Ariana Grande, "manifesting," and the path to a transformational Thanksgiving

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Ariana Grande, “manifesting,” and the path to a transformational Thanksgiving

November 24, 2021 -

Ariana Grande appears at the 62nd annual Grammy Awards in Los Angeles on Jan. 26, 2020. (Photo by Jordan Strauss/Invision/AP, File)

Ariana Grande appears at the 62nd annual Grammy Awards in Los Angeles on Jan. 26, 2020. (Photo by Jordan Strauss/Invision/AP, File)

Ariana Grande appears at the 62nd annual Grammy Awards in Los Angeles on Jan. 26, 2020. (Photo by Jordan Strauss/Invision/AP, File)

Ariana Grande made her Broadway debut at the age of fifteen, starred on Nickelodeon’s Victorious two years later, and has released six studio albums, five of which peaked at #1 on the Billboard 200 albums chart. She is also the newest judge on NBC’s hit show, The Voice.

Now she is in the news for a different reason. During a recent appearance on The Tonight Show with Jimmy Fallon, she revealed that she has had a “weird” manifestation gift her entire life.

In case “manifestation” is an unfamiliar concept for you, I’ll let Oprah Winfrey explain: “You control a lot by your thoughts, and we control a lot by our joined thoughts . . . by what I [and we] believe. When I started to figure that out for myself, I became careful of what I think and what I ask for. I was like what else can I do? What else can I manifest, because I have seen it work. I have seen it happen over and over again.”

Four victims were Milwaukee Dancing Grannies

On this Thanksgiving eve, it can be hard to be grateful in a fallen world filled with tragedy and suffering.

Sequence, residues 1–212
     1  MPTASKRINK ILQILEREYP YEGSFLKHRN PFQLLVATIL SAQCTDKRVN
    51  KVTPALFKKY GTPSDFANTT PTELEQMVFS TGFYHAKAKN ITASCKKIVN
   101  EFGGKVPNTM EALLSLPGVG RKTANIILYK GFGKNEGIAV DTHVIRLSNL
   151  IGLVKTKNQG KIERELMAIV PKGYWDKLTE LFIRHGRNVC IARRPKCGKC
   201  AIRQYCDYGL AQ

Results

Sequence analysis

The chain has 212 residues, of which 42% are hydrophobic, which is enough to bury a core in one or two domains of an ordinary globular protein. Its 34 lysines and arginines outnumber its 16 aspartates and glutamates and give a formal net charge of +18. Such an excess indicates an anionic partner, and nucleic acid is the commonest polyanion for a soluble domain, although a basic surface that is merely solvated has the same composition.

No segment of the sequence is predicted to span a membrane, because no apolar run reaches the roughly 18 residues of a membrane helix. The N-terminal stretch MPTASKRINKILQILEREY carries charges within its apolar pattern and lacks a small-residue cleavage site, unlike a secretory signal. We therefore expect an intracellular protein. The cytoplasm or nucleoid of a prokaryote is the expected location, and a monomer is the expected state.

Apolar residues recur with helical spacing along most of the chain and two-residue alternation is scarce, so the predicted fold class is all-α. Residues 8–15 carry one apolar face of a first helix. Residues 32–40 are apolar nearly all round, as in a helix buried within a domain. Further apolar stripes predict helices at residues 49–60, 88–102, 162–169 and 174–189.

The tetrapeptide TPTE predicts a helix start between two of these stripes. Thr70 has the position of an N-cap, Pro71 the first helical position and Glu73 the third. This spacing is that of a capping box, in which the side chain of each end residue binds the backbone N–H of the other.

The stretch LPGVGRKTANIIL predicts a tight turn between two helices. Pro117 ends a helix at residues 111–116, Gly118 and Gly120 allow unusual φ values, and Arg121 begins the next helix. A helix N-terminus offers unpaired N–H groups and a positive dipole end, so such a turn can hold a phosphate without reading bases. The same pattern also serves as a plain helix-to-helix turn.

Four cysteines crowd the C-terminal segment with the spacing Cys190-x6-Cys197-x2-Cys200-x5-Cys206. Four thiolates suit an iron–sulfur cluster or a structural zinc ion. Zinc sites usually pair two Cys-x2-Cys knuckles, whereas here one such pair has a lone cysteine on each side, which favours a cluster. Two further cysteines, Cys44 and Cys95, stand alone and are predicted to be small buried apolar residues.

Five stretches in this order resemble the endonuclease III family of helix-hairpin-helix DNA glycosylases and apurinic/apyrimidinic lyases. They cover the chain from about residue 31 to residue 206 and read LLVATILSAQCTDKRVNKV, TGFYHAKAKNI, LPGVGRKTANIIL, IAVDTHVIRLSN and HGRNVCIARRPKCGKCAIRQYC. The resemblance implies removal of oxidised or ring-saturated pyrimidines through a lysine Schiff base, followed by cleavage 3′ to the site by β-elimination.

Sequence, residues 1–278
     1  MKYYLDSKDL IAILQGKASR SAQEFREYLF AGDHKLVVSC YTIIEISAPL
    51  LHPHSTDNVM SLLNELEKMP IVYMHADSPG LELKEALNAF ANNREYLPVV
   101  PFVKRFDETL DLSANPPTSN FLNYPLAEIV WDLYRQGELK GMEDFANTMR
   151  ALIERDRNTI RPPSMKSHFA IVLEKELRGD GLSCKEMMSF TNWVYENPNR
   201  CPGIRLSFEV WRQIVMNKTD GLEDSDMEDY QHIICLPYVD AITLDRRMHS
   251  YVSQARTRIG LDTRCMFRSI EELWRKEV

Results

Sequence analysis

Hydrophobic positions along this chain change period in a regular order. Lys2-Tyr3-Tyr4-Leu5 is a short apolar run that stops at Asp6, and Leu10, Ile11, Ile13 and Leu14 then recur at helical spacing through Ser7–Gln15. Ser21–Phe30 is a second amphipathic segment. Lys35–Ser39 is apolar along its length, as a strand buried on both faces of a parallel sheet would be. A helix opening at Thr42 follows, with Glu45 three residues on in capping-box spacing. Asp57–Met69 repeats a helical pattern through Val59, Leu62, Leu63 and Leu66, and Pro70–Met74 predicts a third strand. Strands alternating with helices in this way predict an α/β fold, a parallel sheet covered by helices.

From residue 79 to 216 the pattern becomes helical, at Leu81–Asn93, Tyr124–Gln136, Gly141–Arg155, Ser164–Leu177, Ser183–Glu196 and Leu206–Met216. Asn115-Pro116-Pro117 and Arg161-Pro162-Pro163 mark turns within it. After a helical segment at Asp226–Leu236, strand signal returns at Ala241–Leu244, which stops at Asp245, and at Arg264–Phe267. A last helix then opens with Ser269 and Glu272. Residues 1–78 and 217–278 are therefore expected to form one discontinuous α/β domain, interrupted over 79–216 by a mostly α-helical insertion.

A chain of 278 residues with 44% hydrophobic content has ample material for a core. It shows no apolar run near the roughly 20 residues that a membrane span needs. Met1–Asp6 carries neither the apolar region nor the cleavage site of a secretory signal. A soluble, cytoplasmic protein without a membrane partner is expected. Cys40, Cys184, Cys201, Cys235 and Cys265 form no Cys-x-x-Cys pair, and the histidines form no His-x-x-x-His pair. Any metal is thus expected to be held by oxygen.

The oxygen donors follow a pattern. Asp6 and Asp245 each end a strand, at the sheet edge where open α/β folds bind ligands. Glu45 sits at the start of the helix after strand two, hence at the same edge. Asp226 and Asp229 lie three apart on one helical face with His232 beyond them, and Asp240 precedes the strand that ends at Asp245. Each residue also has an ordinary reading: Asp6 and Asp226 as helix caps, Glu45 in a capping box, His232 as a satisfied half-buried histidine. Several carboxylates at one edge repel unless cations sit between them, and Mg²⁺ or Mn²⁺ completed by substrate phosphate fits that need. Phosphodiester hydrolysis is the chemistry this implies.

For example, we now know that four of the five people killed in the Waukesha Christmas parade attack on Sunday were part of a group of older women called the Milwaukee Dancing Grannies. The attack is just one example of a growing trend of vehicles used as weapons for mass killing.

In other news, Washington, DC, has recorded its two-hundredth homicide of the year, a mark not seen since 2003. Dozens of San Francisco area stores and pharmacies have been hit by mobs of smash-and-grab looters. And a bus carrying North Macedonian tourists crashed in flames in Bulgaria before daybreak yesterday, killing at least forty-five people, including twelve children.

In a world that feels more chaotic than ever, strategies to gain personal control will always be popular, “manifesting” among them.

“You have God potential and power”

This concept was the focus of the 2006 bestselling book, The Secret. It claims: “You are the master of your life, and the Universe is answering your every command.” This is because “you are God in a physical body. You are Spirit in the flesh. You are Eternal Life expressing itself as You.

“You are a cosmic being. You are all power. You are all wisdom. You are all intelligence. You are perfection. You are magnificence. You are the creator, and you are creating the creation of You on this planet. . . . You have God potential and power to create your world.”

The author adds: “We are the creators not only of our own destiny but also of the Universe. . . . Your life will be what you create it as, and no one will stand in judgment of it, now or ever. You are the master of the Universe. You are the heir to the kingdom. You are the perfection of Life.”

As a result, “You can have, be, or do anything you want.” Here’s how: “Decide what you want to be, do, and have, think the thoughts of it, emit the frequency, and your vision will become your life.” This is because “all good things are your birthright! You are the creator of you.”